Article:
THERE should be a “home” in the UK for south Asian stories, feels director Abdul Shayek whose latest creation is bringing to life what it was for Bangladeshi women to survive 1971 war and restart in a strange new land.
Tara Theatre is presenting Virtual Reality (VR) play titled AMMA from November 30 to Dec 17. The extensively researched and thought-provoking VR production is aimed at making audiences experience how women survived in wartorn Bangladesh, eventually forcing many to leave the country to build a new life in
a new place.
Created by Shayek, who is the artistic director and joint CEO at Tara Theatre, AMMA is the amalgamation of different narratives collected from community groups across Manchester, Birmingham and London. The play’s script is written by Kamal Khan.
Speaking to Eastern Eye, Shayek revealed how he is feeling a wave of mixed emotions – happiness that fruit of years’ labour is now out as well as sadness as his mother, the inspiration behind his creation, is no more around to see it.
“I had the idea of AMMA in my mind since 2018-2019, even before joining Tara. It’s a very personal project in so many ways. It is inspired by my mother but also by other women like her – Bangladeshi women who left Bangladesh postwar and came to the UK. “I’m happy and excited but also there’s a sadness that my mother didn’t get to see it in its final kind of iteration since she passed away in 2020,” Shayek told Eastern Eye.
AMMA is developed on the basis of rigorously collected first-hand testimonies of “more than 50 Bangladeshi women across the UK”.
On being asked why he chose VR as a medium, he said that it is a new form and a new space, adding that it was really interesting and useful to narrate the experiences through this medium. “I think what VR does is it makes you feel like you are there in that environment. There’s something about the way that makes you process the story, which is quite different to a theatre experience,” he said.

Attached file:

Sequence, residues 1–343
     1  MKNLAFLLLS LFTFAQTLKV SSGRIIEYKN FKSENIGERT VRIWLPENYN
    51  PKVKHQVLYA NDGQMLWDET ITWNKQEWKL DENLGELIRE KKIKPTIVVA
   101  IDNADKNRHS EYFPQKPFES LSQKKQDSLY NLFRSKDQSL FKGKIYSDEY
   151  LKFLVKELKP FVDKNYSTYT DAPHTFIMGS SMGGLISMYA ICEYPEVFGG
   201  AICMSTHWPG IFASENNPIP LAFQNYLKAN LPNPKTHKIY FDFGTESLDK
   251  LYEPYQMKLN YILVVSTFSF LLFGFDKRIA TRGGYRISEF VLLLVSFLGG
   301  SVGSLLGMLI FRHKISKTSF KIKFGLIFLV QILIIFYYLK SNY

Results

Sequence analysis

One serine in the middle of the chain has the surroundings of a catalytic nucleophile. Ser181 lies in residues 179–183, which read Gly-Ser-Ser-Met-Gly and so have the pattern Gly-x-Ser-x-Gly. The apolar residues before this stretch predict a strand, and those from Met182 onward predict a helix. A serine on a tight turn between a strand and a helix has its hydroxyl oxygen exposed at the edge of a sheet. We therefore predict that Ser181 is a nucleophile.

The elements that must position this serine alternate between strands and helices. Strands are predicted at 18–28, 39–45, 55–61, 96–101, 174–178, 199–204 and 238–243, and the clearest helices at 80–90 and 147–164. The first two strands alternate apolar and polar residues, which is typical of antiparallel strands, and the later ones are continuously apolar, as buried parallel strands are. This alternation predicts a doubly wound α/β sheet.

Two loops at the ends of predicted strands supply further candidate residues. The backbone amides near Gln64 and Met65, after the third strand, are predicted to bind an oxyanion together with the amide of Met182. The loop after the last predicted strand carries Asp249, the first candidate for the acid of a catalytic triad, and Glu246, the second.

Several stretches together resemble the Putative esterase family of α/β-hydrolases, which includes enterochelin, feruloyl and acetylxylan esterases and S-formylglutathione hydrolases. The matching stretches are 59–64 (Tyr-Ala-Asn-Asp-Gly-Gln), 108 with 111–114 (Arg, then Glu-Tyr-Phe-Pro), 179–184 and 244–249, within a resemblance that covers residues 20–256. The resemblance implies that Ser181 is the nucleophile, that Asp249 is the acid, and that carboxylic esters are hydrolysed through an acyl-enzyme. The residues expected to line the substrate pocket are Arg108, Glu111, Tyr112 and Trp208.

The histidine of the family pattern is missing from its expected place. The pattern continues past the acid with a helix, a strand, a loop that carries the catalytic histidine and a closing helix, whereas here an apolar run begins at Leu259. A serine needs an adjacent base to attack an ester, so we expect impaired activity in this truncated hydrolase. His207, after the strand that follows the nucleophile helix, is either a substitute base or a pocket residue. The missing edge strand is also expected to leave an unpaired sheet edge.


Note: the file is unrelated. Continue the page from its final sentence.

Stating that it is crucial that “younger audience too access this story”, Shayek further added that he also opted for VR with an aim to entice and intrigue younger audience as well, who will connect to this medium more as compared to a live stage performance. In this one-of-itskind VR play, audience will be invited in an east London council flat intricately created with a plastic flowery table cloth, piles of letters, bills, Bengali biscuits and lychees for the audience to try – all set inside Tara Theatre.
“We’ve created a living room in the theatre. The audience has to sit in the living room and put the VR headset on. They are kind of elements of the things that happen in the living room and you get to listen to some of the actual testimonies of the women that we interviewed,” Shayek told Eastern Eye.
“The immersive nature of it goes beyond and stays in the mind as one process the story differently.
“It’s a multi-sensory experience. It’s not just the visceral thing,” he said, sharing one of the audience member’s feedback where she had stated how emotions and feelings that she felt on watching AMMA is still with her even after days.
For over four decades, Tara Theatre has supported the emergence of generations of south Asian performers, writers, directors, musicians and choreographers, touring extensively both nationally and internationally.
Under Shayek’s leadership, Tara Theatre is continuing this work by creating innovative and politically charged work of art. “We are pushing, testing new ideas, new ways of telling stories and format. It’s a really exciting time to be here. And that’s the sense and vibe we get. Everyone’s kind of really intrigued with what we’re up to, and are kind of excited with what we’re up to and working on.